Thirsty Brains, or how Dopamine is(n't) regulated in those with ADHD (Part 2)

In our last article, we spoke a bit about Dopamine and what it does for the human brain. Today, we're going to discuss a little bit about the specifics of how Dopamine works (or doesn't) in the brains of those with ADHD.

Thirsty Brains, or how Dopamine is(n't) regulated in those with ADHD (Part 2)
Photo by That's Her Business / Unsplash

To make this easier, consider a cup that represents Dopamine levels in the human brain. In neurotypical individuals this cup is half full and represents a steady state where the brain has can easily influence executive function by reducing or increasing levels in the brain. Adding Dopamine results in a "reward" and encourages the person to continue engaging in their behaviour, and removing Dopamine results in a "punishment" where the person is discouraged from their behaviour. At a high level, this represents how executive function works in the human brain.

The neurotypical steady state: a half full (or half empty) brain.

However, in those with ADHD the brain fails to maintain a half full cup, and usually keeps it quite empty. Then, during a reward cycle the "increased" Dopamine is usually much less than would be seen in a neurotypical brain. This means that in general, those with ADHD lack motivation to start tasks, and even if they do get started the rewards are so paltry that they give up much quicker than neurotypical individuals. On the flip side of the coin, when someone with ADHD engages in a negative behaviour, their brain has no way to punish them. That's why they are generally poorly behaved: when they do something bad, people tell them it's bad but their brains are just like "meh".

If the brain is a cup, those with ADHD are dying of thirst.

From my own personal experience, I had one thing that I just couldn't kick when I was a kid (and honestly well into my 20s): if you wanted to keep a secret you shouldn't have told me. It'd be out on the streets in three seconds. In 99% of cases, these secrets were quite banal so no one ever got too upset with me if I spilled their confidential dealings. When people told me I should stop doing it, it was just water off a ducks back: you might as well have been telling me not to breath, "what was the big deal?". Well, when I was about twenty two - give or take a year - a colleague shared something with me and I truly didn't understand it was a secret. I'd never developed a real appreciation for "subtle" secrets or an idea of what someone making me their confidant really looked like. Most of the time I was playing World of Warcraft, and who cared if Joe the Rogue ninja looted from his 30th Deathwing kill? Well, this colleague had shared with me that they were looking for another job. In my mind I didn't think it was a particular secret - they were unhappy in their job, and were vocal about it. I knew not to tell their manager, but I thought their colleagues knew (or at least had a really good idea). When I was in a meeting discussing problems with the team, I revealed what this person had confided with me, and they exclaimed "Adam! What are you doing!? I told you that in confidence!" I was stunned.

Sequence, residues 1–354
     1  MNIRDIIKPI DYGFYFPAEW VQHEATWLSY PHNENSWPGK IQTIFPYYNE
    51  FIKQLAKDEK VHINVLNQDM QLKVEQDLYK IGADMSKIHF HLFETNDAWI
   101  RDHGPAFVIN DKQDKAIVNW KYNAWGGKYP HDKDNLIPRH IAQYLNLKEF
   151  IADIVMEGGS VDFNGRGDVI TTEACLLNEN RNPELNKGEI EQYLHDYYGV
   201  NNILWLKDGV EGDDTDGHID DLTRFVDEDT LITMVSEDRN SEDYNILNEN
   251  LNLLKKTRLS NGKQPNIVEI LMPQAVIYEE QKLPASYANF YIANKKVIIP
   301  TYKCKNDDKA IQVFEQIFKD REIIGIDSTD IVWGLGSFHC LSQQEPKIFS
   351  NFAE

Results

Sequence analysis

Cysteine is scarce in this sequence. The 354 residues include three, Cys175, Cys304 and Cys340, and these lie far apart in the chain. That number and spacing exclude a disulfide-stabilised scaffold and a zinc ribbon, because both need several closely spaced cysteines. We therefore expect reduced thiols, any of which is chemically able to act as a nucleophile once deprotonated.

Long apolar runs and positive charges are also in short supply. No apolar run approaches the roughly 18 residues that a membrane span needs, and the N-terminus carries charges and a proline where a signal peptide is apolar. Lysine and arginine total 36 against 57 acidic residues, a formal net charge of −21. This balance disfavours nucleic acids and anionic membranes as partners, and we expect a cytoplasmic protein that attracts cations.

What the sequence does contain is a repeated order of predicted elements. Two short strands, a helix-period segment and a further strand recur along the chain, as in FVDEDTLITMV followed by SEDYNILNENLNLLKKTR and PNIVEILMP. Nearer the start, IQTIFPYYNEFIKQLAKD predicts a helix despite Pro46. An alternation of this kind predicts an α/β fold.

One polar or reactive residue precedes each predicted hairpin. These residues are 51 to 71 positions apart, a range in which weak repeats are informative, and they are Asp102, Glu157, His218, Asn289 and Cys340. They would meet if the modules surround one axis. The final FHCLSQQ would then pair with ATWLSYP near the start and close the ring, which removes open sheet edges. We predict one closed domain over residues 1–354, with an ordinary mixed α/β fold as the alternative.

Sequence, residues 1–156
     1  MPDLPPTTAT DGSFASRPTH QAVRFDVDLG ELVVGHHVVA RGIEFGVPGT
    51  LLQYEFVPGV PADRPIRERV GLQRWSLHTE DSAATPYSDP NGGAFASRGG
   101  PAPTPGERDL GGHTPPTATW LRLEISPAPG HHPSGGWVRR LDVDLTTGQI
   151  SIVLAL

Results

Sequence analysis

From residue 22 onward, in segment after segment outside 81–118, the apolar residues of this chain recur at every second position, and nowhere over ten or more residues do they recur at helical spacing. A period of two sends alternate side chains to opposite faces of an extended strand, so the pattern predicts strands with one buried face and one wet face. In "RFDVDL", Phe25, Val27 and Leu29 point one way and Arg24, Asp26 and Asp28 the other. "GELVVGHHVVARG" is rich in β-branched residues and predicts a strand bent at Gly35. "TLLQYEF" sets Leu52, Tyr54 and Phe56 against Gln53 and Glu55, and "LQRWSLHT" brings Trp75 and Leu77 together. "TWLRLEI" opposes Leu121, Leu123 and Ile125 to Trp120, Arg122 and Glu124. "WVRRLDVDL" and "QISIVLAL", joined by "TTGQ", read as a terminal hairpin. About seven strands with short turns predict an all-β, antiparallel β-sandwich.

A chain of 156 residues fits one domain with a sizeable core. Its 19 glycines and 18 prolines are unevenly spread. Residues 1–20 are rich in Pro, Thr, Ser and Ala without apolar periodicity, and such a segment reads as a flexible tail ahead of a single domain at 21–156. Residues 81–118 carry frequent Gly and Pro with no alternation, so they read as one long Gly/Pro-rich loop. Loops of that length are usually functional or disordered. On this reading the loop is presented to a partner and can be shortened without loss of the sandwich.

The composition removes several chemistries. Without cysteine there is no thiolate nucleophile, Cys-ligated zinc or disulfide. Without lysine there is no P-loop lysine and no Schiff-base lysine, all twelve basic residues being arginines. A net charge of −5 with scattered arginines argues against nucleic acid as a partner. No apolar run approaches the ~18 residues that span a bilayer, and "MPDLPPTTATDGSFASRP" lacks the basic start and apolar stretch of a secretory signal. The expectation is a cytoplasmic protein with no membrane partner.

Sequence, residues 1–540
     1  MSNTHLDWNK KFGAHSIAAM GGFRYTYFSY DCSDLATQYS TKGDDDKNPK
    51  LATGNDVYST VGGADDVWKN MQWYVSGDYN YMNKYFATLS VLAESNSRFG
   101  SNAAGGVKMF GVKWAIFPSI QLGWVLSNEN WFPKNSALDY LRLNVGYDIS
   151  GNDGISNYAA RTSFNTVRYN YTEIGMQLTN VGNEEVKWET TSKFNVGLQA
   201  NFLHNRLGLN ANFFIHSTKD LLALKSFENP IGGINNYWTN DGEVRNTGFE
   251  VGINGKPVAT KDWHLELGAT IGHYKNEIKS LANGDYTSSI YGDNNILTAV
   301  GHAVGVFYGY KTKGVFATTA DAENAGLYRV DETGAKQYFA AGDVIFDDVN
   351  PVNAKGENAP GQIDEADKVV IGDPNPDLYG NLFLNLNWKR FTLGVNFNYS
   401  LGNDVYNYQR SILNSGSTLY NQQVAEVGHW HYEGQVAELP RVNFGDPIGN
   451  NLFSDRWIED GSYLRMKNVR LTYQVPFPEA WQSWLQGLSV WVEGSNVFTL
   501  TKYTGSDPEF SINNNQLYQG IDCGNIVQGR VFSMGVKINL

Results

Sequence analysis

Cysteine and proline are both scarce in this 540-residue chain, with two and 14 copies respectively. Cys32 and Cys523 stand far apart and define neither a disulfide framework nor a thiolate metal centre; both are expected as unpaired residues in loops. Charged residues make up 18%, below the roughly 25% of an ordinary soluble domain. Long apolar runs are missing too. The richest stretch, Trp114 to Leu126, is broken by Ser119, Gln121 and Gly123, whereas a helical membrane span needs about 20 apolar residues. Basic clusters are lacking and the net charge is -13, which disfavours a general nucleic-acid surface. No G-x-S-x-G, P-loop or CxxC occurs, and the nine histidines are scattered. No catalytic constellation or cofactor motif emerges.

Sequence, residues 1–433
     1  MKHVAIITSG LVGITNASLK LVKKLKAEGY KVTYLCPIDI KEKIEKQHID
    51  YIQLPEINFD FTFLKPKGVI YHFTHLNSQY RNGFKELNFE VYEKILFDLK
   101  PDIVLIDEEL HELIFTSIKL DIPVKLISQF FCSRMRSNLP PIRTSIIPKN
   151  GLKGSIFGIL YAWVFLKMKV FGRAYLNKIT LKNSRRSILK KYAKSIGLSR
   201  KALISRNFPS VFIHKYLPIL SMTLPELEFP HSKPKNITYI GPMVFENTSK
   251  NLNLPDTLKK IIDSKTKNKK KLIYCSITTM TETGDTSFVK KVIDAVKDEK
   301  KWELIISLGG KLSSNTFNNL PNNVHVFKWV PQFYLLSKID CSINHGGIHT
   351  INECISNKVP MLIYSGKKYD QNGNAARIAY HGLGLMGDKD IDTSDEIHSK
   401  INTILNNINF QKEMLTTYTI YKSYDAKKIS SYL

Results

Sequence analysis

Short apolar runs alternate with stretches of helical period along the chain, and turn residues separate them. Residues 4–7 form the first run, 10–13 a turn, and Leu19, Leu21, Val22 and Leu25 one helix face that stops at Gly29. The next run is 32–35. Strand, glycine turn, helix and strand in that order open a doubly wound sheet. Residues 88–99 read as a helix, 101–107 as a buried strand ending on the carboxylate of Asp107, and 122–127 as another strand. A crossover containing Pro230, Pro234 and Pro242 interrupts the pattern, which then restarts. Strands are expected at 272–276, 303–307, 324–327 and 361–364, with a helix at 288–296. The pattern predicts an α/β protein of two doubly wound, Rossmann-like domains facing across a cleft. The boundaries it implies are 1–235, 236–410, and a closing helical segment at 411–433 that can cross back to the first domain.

I had grown to see this person as a mentor, and their exclamation and look of shock made my blood run cold. Their visceral reaction to me revealing their secret had for the first time in my life made me feel deeply horrified that I'd shared a secret beyond myself and the person confiding in me. From that moment forward, my behaviour changed because I had been shocked to my core; I developed a keener sense of empathy so that I could understand context more deeply during conversations. I was lucky enough to have this epiphany when I was young, because if it hadn't happened then I could still be happily spilling secrets all over the countryside and be none the wiser. But this is the problem with ADHD: executive function doesn't, well.. function all that well. As a consequence, it takes very extreme circumstances to reinforce a behaviour. So while I have been able to adapt and grow, that came at a great cost to a personal relationship I had with someone I admired. You will find this same theme among most people with ADHD: irregular personal growth spurred by very dramatic and sudden crisis that are bought on simply because we don't have the capability to truly understand the impact of our actions until it is too late.

This of course, doesn't excuse the conduct. But, you will be hard pressed to find someone with ADHD who, when faced with with a scenario where themselves or others have been hurt or let down by their actions have failed to actually grow from that experience. People with ADHD can be kind, loving, thoughtful, and empathetic but sometimes we just need a little more patience and guidance than most people (or a sharp reality check). If you're finding yourself annoyed or frustrated by someone with ADHD, consider a conversation before an argument. Especially when dealing with Children with ADHD, remember that a positive interaction with a sympathetic adult now could make a lifetime of difference.

For my last article, I'll be talking about how hyper focus or what happens when the cup from earlier decides to actually fill up.